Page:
Virtual Event Production Insights Part Three: Programming and Content Design Ideas
Part Three: Programming and Content Design Ideas
The pivot to virtual has forced a re-thinking of how to create content for event programming. With live events, audiences travel from a variety of locations to attend a conference and are captive to on-stage presentations. Obviously, it’s different with virtual. Attendees can easily “click out” if they don’t find value or compelling interest in the content, not to mention the distractions of pandemic-era home life.
But the communications challenge is actually the same as always…how to deliver a valuable experience to your audience in the most efficient, resonant and motivational way. Let’s walk through some key considerations for the virtual medium. And then we’ll serve up some best practices you can apply to your own content creation.
Getting Started: Outlining and Programming a Session
Content programming is literally building your business case step by step, with the audience grading the results. A logical flow is for the keynote executive to lay out the big vision in a dynamic open, followed by a team of experts, thought leaders and testimonials to bolster credibility, build up proof points, and deliver a clear value proposition.
Best Practice: outline the story you want to tell from start to finish building your case. Then identify the different experts, team members, thought-leaders and/or customers who can best explain and/or validate your case with credibility; keeping in mind that in virtual, more voices making clear concise points are your goal.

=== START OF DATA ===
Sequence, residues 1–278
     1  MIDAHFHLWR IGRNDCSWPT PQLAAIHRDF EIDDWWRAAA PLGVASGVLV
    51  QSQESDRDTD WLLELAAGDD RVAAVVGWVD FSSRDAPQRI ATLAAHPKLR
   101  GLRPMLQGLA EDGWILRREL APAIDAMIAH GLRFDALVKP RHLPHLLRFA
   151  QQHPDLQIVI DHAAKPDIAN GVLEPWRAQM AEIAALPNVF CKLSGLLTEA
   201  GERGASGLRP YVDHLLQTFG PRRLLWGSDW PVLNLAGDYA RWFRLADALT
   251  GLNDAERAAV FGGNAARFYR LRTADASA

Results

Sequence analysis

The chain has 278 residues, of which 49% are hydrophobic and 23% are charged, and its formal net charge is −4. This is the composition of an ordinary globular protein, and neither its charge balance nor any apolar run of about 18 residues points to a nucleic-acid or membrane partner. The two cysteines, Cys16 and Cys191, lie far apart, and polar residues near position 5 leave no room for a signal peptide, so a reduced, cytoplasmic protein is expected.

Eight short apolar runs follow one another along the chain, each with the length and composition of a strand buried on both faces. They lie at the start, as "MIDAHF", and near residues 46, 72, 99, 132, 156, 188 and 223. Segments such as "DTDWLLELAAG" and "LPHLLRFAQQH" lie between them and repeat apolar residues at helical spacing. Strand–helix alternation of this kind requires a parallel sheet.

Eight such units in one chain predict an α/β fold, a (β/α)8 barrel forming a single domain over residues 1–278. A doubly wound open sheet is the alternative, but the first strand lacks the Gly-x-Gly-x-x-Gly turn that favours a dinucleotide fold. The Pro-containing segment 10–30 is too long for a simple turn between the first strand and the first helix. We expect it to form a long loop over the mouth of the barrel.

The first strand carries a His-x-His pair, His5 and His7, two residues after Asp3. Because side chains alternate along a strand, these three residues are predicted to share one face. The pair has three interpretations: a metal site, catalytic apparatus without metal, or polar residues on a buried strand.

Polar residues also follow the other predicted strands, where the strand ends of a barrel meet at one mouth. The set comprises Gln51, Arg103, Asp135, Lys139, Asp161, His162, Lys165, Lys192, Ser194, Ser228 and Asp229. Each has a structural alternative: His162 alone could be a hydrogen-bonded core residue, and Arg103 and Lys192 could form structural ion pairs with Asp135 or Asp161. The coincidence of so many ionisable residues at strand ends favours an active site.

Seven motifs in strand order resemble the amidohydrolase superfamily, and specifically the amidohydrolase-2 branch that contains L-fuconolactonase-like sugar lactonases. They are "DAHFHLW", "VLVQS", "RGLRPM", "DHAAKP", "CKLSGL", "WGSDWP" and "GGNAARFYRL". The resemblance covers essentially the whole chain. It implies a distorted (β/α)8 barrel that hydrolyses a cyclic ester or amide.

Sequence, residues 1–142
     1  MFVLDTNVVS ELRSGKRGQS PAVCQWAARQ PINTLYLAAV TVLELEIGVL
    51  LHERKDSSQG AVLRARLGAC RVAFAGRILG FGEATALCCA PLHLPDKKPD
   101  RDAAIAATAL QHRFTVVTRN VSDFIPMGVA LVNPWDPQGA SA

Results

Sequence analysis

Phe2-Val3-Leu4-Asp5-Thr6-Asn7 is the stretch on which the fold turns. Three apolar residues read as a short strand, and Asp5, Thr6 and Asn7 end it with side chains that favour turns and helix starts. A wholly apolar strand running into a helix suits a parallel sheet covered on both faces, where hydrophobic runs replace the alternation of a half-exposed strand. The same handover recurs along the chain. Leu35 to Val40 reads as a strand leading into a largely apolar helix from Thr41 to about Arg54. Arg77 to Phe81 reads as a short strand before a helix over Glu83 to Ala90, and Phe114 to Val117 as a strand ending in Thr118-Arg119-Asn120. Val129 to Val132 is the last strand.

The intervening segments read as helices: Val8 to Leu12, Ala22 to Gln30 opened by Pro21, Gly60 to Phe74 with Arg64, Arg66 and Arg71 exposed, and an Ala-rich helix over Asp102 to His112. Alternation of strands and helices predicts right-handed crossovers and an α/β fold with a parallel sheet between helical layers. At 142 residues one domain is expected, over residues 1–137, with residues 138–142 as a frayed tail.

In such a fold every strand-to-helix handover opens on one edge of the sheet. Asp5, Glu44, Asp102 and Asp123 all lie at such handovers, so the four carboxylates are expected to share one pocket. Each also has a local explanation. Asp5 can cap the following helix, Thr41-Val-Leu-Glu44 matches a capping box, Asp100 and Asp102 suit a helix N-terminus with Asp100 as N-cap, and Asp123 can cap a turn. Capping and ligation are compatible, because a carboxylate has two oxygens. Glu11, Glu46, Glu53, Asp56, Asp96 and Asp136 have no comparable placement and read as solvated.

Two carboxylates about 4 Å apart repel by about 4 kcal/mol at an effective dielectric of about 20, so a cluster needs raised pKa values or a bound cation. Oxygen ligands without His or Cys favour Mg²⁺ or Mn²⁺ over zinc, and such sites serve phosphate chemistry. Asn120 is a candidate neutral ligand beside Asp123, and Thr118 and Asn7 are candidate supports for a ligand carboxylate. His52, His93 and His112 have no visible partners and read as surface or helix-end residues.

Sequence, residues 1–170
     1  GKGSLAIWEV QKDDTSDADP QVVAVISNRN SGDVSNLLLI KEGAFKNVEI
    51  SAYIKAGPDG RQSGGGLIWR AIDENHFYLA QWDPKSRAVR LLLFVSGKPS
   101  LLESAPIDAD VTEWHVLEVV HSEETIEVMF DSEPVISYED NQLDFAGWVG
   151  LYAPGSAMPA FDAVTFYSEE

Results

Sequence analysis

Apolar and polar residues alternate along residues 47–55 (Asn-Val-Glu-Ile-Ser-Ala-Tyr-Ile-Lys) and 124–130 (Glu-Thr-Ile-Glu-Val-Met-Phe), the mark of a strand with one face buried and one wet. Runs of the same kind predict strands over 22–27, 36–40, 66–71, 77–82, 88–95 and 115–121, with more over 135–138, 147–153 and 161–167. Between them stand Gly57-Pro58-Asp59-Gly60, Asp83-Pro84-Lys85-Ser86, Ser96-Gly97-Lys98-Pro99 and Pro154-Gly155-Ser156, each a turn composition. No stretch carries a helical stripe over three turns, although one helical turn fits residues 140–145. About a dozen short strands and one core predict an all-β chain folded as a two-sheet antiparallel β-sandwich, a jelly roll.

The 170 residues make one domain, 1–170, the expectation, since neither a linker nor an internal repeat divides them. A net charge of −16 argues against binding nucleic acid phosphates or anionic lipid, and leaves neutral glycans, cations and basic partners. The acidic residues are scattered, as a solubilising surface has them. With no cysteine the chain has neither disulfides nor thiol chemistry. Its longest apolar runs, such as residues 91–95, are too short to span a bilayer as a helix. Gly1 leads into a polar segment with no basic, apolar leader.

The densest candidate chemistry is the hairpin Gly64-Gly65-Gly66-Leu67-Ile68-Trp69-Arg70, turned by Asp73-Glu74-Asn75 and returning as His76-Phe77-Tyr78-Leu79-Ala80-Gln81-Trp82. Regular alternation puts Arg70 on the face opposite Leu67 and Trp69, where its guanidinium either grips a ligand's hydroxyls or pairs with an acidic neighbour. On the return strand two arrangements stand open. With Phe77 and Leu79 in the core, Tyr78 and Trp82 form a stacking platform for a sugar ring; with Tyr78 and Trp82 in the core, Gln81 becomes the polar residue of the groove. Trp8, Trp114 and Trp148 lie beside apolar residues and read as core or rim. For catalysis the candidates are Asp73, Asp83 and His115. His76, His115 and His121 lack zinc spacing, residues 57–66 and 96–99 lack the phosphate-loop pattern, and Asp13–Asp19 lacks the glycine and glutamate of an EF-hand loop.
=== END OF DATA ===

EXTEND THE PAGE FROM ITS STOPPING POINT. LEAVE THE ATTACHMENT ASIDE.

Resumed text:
Know Your Audience
Think about your story from the perspective of the people you hope to win over. Who are you trying to reach and how much time are they likely to give you?
If your audience is an internal one attending an event essential to their jobs, technically you can set the terms (though it never hurts to meet your audience in the middle of what you want and what they want). If your audience is external, perhaps a mix of partners and users/consumers, remember that they are actually setting the terms. This type of audience is balancing the value of what you can provide with many other demands on their time. In either scenario, taking the time to assess your audience and their needs helps you set the level of depth and detail most useful for them.
In addition to the presentation length, virtual audiences can literally be all around the globe, so multiple time zones might need to be factored in. An analysis of the audience’s physical location will help determine how much content should stream live, or instead be delivered on-demand for consumption at their convenience.
Best Practice: define your audience and be realistic about how much time you can reasonably expect from them; then consider where they are in the world and what will be the most convenient way for them to consume your content.
Designing the Audience Experience